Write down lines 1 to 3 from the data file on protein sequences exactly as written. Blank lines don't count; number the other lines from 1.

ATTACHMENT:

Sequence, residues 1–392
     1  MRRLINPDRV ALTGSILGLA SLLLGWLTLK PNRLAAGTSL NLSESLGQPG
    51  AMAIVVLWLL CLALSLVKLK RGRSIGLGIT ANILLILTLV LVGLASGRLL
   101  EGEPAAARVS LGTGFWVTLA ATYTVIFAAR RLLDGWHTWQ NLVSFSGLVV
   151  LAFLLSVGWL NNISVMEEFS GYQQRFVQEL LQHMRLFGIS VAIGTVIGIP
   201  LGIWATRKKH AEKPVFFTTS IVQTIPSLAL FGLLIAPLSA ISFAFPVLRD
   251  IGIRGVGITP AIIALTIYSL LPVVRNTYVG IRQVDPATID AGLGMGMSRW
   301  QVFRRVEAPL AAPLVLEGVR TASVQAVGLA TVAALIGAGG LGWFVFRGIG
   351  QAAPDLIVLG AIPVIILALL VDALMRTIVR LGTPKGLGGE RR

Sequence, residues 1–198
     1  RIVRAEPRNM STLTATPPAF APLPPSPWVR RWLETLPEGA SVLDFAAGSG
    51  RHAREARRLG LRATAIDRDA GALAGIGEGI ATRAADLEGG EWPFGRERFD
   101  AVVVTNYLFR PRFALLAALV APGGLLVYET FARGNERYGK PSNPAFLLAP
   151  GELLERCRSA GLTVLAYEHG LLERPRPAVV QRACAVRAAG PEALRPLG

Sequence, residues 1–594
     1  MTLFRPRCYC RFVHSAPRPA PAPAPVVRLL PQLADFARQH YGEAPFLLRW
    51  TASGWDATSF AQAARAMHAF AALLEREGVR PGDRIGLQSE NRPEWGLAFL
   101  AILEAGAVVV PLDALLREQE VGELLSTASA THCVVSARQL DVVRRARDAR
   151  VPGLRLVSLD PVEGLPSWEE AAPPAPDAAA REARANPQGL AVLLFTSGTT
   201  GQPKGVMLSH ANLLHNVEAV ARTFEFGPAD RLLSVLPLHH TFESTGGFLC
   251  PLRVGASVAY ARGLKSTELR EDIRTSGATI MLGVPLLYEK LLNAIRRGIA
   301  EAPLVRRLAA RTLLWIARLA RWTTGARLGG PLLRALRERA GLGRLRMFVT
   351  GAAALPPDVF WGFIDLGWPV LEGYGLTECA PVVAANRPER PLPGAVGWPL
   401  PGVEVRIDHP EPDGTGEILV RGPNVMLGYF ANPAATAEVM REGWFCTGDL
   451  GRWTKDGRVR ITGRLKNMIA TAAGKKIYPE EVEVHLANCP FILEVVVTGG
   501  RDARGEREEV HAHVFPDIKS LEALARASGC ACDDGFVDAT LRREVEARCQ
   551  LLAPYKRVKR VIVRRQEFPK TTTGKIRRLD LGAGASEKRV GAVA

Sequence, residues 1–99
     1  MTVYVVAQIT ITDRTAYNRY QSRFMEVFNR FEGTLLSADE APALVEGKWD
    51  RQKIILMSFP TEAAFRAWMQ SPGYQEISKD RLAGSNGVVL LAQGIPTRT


Sequence, residues 1–392
     1  MRRLINPDRV ALTGSILGLA SLLLGWLTLK PNRLAAGTSL NLSESLGQPG
    51  AMAIVVLWLL CLALSLVKLK RGRSIGLGIT ANILLILTLV LVGLASGRLL